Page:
But ASAP is not available to all airmen. It’s not available to general aviation at all and available (thanks to the efforts of the Air Charter Safety Foundation) to only a limited number of Part 135/Part 91K airmen. The FAA runs a program similar to ASAP for its air traffic controllers.
Now compare the U.S. voluntary approach to the UK’s mandatory program, which applies to anyone who flies turbine-powered aircraft (which would include GA). Full details of the program are beyond the scope of this article, but suffice it to say that the UK system mandates reporting by airmen covered by the program but basically promises no enforcement action, except in cases of gross negligence or intentional misconduct. My experience with the UK system is that enforcement actions are few and far between. Their philosophy, as explained to me, is to punish only for a failure to report, not the occurrence itself if it’s reported. (I’m sure there have been exceptions over the years, but in general this has been the UK approach to safety since the 1970s.) The UK also specifically asks aviation entities not to discipline employees for reported occurrences, and to protect employees leery of discipline it allows for confidential reporting.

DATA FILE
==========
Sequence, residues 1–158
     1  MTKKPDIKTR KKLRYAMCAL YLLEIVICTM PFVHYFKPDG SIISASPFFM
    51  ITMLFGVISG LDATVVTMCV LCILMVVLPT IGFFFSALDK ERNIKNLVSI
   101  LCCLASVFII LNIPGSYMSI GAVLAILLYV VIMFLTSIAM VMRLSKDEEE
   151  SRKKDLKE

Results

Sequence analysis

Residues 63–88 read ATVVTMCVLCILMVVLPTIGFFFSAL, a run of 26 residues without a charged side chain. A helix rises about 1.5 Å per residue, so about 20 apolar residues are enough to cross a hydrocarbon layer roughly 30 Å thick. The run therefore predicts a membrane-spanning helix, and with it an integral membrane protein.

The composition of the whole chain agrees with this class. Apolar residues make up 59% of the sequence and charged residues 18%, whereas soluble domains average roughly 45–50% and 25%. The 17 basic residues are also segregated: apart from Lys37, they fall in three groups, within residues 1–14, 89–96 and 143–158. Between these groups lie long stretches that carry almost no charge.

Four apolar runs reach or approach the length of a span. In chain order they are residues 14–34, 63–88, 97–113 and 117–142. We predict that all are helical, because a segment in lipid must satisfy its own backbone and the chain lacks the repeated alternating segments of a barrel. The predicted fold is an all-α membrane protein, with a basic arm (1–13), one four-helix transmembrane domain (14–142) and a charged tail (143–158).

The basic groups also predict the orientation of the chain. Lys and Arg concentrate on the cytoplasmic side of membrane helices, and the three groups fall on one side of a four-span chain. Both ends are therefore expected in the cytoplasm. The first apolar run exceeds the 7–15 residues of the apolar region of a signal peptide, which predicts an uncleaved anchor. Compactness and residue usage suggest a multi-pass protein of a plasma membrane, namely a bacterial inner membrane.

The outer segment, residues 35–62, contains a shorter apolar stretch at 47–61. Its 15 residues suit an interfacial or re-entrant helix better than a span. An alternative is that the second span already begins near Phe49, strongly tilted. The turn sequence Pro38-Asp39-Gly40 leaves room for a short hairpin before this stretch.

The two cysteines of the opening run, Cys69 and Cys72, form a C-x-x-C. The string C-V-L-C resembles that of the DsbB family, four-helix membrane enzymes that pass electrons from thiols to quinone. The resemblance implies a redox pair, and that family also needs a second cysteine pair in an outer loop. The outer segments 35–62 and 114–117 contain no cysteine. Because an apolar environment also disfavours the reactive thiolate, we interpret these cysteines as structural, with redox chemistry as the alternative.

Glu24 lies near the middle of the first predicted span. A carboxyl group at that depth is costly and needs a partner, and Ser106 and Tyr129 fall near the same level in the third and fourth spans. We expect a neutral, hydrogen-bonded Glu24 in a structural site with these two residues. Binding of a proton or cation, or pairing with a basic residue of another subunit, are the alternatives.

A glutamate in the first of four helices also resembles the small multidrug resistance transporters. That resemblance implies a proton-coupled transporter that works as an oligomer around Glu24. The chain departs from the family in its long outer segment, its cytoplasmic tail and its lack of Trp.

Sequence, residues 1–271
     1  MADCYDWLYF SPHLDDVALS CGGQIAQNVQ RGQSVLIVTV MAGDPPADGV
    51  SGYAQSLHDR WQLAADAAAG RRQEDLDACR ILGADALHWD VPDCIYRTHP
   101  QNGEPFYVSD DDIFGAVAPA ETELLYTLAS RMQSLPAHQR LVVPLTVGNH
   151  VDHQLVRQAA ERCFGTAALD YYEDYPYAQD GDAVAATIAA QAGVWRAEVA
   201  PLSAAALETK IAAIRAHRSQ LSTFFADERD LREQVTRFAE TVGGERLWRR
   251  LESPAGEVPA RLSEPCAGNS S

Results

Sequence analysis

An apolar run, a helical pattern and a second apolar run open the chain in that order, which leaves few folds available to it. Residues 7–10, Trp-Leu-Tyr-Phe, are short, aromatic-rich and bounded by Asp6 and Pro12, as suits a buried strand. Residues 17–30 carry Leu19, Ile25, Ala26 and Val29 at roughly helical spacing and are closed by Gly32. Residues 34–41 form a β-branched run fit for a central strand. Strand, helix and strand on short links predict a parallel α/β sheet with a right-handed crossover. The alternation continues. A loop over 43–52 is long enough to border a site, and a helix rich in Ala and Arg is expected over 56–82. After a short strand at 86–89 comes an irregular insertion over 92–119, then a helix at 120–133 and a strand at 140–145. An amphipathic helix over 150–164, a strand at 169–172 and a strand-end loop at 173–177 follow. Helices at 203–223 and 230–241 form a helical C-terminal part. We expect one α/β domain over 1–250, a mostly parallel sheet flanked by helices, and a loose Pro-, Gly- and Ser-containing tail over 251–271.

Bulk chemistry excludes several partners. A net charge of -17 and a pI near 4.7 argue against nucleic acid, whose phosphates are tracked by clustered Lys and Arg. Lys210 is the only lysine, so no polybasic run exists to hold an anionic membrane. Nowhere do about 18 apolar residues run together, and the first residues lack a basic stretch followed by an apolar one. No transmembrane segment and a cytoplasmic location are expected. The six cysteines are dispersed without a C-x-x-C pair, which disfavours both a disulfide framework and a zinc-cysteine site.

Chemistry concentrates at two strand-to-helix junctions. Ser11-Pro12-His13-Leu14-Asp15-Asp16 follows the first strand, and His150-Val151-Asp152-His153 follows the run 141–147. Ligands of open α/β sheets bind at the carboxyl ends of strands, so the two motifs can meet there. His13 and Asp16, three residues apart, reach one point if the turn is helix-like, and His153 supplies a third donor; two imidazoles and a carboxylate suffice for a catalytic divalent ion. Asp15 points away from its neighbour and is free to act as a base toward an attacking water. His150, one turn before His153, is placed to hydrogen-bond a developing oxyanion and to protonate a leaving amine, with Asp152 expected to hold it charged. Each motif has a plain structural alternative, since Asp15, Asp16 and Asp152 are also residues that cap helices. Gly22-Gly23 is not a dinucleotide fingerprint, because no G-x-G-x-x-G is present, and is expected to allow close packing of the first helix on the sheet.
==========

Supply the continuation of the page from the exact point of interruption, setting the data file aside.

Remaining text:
I think the essence of the UK program is best captured by the statement of its CAA chief executive in guidance implementing the mandatory occurrence-reporting system: “The CAA espouses a ‘Just Culture’ in the interests of the ongoing development of flight safety. This means the CAA supports the development, within all areas of the aviation community, of a culture in which individuals are not punished for actions, omissions or decisions taken by them that are commensurate with their experience and training but which result in a reportable event; but where gross negligence, willful violations and destructive acts are not tolerated.”
I think enforcement has its place in punishing intentional and reckless conduct. For all other situations, we might consider the British approach.